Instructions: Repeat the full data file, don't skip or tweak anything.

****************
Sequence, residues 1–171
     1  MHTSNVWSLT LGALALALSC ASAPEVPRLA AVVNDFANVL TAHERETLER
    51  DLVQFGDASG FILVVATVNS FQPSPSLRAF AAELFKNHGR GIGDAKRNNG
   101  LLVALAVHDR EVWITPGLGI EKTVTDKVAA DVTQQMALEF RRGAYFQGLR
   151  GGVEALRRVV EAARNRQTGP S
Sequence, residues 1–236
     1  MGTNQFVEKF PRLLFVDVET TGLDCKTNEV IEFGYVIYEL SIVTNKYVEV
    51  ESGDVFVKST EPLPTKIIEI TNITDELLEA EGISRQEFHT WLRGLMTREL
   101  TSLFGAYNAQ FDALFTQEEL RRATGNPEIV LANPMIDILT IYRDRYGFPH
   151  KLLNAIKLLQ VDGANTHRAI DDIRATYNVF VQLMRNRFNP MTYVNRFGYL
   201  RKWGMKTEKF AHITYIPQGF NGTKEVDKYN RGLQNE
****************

Sequence, residues 1–171
     1  MHTSNVWSLT LGALALALSC ASAPEVPRLA AVVNDFANVL TAHERETLER
    51  DLVQFGDASG FILVVATVNS FQPSPSLRAF AAELFKNHGR GIGDAKRNNG
   101  LLVALAVHDR EVWITPGLGI EKTVTDKVAA DVTQQMALEF RRGAYFQGLR
   151  GGVEALRRVV EAARNRQTGP S
Sequence, residues 1–236
     1  MGTNQFVEKF PRLLFVDVET TGLDCKTNEV IEFGYVIYEL SIVTNKYVEV
    51  ESGDVFVKST EPLPTKIIEI TNITDELLEA EGISRQEFHT WLRGLMTREL
   101  TSLFGAYNAQ FDALFTQEEL RRATGNPEIV LANPMIDILT IYRDRYGFPH
   151  KLLNAIKLLQ VDGANTHRAI DDIRATYNVF VQLMRNRFNP MTYVNRFGYL
   201  RKWGMKTEKF AHITYIPQGF NGTKEVDKYN RGLQNE